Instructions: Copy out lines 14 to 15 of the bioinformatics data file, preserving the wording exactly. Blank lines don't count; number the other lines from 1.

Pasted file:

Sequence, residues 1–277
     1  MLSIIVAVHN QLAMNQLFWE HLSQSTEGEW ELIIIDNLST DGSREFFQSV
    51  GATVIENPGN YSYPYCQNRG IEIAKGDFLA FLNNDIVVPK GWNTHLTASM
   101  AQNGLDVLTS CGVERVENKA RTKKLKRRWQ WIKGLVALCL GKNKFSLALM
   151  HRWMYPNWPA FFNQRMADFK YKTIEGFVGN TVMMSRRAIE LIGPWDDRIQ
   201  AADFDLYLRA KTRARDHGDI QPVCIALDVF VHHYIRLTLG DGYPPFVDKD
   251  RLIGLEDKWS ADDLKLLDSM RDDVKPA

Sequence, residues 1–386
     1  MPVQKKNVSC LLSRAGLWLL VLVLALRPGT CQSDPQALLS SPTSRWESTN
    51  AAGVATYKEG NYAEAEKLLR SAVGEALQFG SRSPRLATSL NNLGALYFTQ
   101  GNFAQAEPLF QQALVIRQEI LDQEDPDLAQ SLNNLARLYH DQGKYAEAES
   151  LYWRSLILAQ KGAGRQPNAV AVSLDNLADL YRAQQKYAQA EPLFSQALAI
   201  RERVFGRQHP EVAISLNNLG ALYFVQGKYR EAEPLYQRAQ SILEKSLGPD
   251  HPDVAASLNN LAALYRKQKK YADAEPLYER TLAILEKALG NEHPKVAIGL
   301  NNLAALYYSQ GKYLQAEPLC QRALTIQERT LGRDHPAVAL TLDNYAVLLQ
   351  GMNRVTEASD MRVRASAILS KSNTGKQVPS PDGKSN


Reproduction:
   251  HPDVAASLNN LAALYRKQKK YADAEPLYER TLAILEKALG NEHPKVAIGL
   301  NNLAALYYSQ GKYLQAEPLC QRALTIQERT LGRDHPAVAL TLDNYAVLLQ